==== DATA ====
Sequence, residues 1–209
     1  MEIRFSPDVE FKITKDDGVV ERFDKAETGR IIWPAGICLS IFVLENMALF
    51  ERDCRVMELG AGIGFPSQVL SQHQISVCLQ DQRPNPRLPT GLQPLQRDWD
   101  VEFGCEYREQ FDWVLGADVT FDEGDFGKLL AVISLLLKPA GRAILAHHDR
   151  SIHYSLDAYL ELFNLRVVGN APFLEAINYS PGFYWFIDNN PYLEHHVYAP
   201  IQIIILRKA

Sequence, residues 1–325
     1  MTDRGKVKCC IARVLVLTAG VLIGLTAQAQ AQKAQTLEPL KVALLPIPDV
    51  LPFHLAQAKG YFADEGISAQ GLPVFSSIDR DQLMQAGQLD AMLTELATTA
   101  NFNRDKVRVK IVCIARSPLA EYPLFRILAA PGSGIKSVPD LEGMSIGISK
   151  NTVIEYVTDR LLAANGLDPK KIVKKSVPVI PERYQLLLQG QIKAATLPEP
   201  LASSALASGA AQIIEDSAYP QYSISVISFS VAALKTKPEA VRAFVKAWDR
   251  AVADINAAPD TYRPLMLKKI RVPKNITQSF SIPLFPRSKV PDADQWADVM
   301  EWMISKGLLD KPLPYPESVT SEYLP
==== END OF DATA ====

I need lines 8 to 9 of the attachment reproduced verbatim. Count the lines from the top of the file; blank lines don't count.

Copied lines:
     1  MTDRGKVKCC IARVLVLTAG VLIGLTAQAQ AQKAQTLEPL KVALLPIPDV
    51  LPFHLAQAKG YFADEGISAQ GLPVFSSIDR DQLMQAGQLD AMLTELATTA